Cloud-based Accountancy – The Smarter Way to Manage Your Accounts

In the last few years, more accountancies have introduced cloud-based accountancy into their practices.This sees the use of accountancy software that is hosted on remote servers instead of it being hosted internally onsite. This is one of the key distinctions between cloud and traditional accounting. As there is no longer the need of a local hard drive, one of the main benefits for why cloud-based accounting is becoming increasingly popular is because it allows for data and information to be stored and accessed online at any time. As it is hosted on the cloud, it also means it does not require anything to be installed on computers and updates to software are made as soon as they are available. Another advantage compared to traditional accounting is that there is less risk of losing information as data on the cloud is automatically backed up regularly.

One of the early adopters in the UK for cloud based accountancy was Norwich accountants, Farnell Clarke. Partnering with Xero, one of the leading suppliers of cloud accounting software, Farnell Clarke have been awarded a Most Innovative Practice by the British Accountancy Awards.Part of the reason for the success of cloud-based accountancy for accountants and their clients is because business owners have recognised the improvements it provides in streamlining their accounting processes in their day to day business activities.

For the entire workforce, whether it is the accounts department checking invoices, a sales representative providing their expenses or the owner requiring to review financial figures, by using the cloud and being able to connect online at any time, tasks can be handled remotely by all. This is one of the key reasons for why many industries have initiated cloud-based operations as it allows for business owners and employees that require easy and simple access to their accounts frequently to work agile and effective.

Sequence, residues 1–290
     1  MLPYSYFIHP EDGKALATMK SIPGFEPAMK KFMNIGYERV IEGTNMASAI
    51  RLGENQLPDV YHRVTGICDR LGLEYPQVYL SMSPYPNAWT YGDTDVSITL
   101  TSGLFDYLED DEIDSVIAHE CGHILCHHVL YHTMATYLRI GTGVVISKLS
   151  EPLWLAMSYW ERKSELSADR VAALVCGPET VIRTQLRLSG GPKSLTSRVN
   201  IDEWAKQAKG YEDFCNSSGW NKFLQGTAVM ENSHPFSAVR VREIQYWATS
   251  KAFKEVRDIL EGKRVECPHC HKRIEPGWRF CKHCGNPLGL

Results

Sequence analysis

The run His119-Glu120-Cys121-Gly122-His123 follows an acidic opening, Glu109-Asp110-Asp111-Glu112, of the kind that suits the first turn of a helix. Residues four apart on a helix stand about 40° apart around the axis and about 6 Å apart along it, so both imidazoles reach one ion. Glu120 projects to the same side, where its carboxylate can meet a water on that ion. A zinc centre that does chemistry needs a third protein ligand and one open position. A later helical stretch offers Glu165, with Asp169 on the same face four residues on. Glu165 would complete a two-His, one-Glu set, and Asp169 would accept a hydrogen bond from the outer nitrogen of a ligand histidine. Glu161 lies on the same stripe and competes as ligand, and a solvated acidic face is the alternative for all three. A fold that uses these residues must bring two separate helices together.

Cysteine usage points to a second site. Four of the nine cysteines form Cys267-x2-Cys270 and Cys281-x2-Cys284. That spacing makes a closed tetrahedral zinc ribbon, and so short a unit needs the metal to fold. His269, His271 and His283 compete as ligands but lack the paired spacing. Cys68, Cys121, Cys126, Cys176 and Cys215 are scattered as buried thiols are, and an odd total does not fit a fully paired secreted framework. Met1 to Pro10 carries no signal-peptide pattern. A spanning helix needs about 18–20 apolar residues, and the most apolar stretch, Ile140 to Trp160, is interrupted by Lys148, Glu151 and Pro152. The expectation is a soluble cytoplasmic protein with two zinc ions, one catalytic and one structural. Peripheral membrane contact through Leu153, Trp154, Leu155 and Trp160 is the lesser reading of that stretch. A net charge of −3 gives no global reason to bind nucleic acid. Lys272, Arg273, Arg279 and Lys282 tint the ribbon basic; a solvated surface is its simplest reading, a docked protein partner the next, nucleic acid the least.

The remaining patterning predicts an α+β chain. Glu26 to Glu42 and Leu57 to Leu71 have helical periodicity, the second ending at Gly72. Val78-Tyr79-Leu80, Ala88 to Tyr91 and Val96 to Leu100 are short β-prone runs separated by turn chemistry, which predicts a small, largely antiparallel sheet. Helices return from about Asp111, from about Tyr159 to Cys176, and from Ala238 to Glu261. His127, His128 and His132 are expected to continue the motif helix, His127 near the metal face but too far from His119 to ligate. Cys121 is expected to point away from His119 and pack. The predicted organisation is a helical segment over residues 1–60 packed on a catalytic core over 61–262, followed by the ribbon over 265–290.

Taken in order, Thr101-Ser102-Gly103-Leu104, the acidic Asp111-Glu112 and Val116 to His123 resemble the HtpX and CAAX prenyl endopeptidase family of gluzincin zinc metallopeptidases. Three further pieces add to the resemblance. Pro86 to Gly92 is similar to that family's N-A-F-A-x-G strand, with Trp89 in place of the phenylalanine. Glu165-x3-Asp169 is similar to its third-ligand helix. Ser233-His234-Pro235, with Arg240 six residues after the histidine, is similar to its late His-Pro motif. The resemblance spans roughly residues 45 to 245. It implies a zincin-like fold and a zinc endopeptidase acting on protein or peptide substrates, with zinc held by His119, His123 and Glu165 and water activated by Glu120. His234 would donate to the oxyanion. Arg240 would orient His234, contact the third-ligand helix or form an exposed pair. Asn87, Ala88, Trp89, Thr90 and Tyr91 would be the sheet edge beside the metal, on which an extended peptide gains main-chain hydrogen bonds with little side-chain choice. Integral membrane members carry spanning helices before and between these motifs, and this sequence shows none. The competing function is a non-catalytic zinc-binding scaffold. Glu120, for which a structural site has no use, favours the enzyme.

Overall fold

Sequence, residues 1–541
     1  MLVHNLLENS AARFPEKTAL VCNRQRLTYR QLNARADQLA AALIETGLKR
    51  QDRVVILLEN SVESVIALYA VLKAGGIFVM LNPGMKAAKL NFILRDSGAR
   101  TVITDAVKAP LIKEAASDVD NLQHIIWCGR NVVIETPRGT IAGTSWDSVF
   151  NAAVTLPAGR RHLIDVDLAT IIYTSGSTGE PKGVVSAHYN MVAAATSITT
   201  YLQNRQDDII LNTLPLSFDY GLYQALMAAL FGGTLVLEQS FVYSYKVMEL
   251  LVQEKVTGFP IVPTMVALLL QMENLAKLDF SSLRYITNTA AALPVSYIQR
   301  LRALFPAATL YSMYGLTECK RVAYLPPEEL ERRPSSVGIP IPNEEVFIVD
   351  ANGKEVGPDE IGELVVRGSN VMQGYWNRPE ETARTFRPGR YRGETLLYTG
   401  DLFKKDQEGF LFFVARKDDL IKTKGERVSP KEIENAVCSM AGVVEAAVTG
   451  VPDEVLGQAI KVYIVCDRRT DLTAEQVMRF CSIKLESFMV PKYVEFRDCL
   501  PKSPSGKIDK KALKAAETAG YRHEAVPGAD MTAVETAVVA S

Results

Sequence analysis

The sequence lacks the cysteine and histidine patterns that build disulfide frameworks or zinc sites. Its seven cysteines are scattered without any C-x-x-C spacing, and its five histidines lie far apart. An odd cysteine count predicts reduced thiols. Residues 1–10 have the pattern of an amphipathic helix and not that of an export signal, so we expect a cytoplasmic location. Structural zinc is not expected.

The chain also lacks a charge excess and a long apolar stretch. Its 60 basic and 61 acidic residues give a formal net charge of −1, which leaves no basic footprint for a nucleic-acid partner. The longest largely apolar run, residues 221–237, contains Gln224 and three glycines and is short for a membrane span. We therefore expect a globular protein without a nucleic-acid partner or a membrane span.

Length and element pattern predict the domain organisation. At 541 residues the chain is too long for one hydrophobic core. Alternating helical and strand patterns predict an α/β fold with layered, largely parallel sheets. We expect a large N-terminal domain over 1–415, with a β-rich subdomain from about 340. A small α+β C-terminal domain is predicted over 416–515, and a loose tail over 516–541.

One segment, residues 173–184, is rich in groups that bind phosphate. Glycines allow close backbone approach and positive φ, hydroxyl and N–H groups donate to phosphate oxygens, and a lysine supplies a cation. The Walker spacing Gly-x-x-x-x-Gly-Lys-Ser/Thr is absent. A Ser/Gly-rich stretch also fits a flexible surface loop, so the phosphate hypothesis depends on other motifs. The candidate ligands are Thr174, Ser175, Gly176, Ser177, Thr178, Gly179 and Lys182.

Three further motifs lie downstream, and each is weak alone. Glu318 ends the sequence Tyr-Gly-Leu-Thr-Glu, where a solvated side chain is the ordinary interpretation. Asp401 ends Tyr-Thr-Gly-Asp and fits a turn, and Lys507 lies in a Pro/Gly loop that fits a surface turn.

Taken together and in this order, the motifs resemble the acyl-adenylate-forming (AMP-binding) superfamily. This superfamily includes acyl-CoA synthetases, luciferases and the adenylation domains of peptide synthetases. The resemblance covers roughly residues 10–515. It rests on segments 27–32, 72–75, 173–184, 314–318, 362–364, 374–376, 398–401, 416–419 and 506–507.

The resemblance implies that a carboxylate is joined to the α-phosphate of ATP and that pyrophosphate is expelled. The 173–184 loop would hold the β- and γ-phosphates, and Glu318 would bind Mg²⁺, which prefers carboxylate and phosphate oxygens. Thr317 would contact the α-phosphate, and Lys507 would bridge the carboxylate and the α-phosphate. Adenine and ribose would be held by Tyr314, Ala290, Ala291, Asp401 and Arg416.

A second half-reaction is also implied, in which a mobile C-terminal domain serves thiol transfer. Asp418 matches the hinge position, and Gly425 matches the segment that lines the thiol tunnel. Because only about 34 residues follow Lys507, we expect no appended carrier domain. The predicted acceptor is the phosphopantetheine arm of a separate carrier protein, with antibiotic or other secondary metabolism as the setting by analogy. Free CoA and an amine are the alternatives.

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Additionally, another area that has had an important impact in using the software is that whenever accounting actions are made, businesses can see these changes reflected immediately in their account in real time. Business owners now have instantly updated financial information about their company. With financial information right at their fingertips, for fast-moving industries with the need to respond to business changes quickly, this is of high importance to work dynamically and effectively with their finances.

As well as benefitting business owners and employees, another aspect that it will help for improving the efficiency of accounting processes, whether it is national or international, for businesses with multiple offices as it permits for all of them to access the same data across the board at the same time. This multi-user access means working together has been made simpler and with the explosion in the use of portable smart devices such as smartphones and tablets in the day to day business activities, never has getting access or keeping connected with accounts and finances been easier for businesses. This has proven particularly beneficial for workforces that are required to work mobile or on the regular on the road such as sales teams.

A frequently asked question when a business is considering whether to use cloud based accountancy or not is whether their information and data will be safe and secure. With the increasing awareness about cyber threats, it is vital that businesses feel reassured their sensitive data, particularly financial details, will be protected. Many developers of cloud-based products recognise this and develop their products with the strictest of security measures. Cloud accounting is a secure method and in some cases, an even safer process compared to traditional accounting. For example, with traditional accounting, information is hosted internally, and on company computers, if this is stolen, the data can also be taken. Cloud accounting does not have this same risk.

Rebecca D'Souza is the former editor of Manufacturing Global and has worked as a journalist for Retail Digital and Business Review Europe. She now works as a freelance writer and enjoys writing about technology trends including cloud computing and FinTech.  

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